BEIJING, Oct. 23 (Xinhua) -- Willing or not, Democratic or Republican, the next U.S. president shall have to tone down his get-tough-on-China rhetoric made along the campaign trail, and deal with his country's sclerotic inaptness toward China's inevitable rise.
Both U.S. presidential candidates vowed at their third and last debate encounter closed on Monday night that they would press Beijing to "play by the rules" in shaping their bilateral ties.
However, their definition of "rules of the road" is primarily pro-American.
For the records, China has always been complying with the rules of international institutions, including the World Trade Organization. But it is not duty-bound to abide by the regulations designed by a certain country.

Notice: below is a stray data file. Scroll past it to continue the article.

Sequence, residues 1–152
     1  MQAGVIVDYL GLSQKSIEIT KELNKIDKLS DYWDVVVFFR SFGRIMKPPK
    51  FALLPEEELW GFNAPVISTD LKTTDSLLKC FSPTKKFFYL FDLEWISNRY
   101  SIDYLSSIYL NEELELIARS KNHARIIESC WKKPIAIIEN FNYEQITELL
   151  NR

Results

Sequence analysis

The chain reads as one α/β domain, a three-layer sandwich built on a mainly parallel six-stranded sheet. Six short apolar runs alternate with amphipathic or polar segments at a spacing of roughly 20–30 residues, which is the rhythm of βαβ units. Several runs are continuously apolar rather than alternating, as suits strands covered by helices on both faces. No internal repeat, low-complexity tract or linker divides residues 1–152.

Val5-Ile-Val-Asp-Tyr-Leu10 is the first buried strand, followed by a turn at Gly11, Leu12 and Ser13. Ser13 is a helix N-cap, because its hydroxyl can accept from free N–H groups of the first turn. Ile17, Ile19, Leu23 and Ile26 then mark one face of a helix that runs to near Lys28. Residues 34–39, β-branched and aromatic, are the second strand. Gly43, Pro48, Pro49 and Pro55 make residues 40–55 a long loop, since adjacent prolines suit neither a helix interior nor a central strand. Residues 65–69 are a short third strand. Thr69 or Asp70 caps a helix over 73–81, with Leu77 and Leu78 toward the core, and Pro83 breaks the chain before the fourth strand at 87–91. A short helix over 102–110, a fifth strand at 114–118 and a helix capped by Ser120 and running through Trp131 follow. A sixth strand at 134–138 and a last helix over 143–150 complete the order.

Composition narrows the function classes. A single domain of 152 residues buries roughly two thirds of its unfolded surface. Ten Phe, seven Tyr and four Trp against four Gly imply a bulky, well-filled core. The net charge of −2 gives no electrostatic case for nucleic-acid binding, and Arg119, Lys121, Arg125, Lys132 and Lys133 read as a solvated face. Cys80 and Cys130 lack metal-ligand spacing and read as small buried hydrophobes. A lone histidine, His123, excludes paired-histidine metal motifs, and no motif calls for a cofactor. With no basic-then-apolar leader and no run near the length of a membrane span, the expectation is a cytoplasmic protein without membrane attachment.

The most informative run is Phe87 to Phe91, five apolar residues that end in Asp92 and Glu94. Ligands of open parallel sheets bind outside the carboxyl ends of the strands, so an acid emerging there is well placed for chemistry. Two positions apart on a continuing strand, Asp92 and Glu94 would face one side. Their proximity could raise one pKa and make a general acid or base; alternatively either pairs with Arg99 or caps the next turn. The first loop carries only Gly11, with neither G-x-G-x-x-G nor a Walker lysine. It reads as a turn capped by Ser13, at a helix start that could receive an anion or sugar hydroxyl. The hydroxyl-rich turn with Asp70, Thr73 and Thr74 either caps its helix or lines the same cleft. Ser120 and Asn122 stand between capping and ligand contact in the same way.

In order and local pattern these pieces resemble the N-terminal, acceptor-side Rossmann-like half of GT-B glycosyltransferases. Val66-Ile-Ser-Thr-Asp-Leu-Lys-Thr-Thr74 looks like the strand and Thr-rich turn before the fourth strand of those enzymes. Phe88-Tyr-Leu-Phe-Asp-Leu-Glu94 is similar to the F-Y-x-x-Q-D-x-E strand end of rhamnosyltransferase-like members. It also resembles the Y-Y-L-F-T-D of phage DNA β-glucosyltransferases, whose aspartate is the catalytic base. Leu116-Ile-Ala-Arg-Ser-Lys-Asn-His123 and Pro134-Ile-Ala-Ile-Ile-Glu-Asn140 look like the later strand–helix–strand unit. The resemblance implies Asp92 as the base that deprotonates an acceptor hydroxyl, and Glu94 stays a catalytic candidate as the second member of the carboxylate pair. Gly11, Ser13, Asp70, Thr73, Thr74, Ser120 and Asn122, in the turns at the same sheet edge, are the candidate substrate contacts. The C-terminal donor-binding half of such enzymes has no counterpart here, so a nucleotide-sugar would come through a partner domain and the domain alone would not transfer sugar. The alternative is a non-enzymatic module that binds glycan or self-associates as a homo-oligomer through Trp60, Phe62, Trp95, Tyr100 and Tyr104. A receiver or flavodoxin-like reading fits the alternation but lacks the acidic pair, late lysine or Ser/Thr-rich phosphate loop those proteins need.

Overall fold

China is also willing to work closely with its U.S. partners in figuring out solutions that could best serve their mutual interests via candid talks.
In fact, the growing cases of trade disputes between the two economies seem to show that the United States is not prepared to work with China as equals.
Over the years, China's rapid economic surge seems to have left the world's only super power stranded in a dilemma. For one thing, the United States desires to harvest profitable business benefits by cashing in on China's economic expansion.
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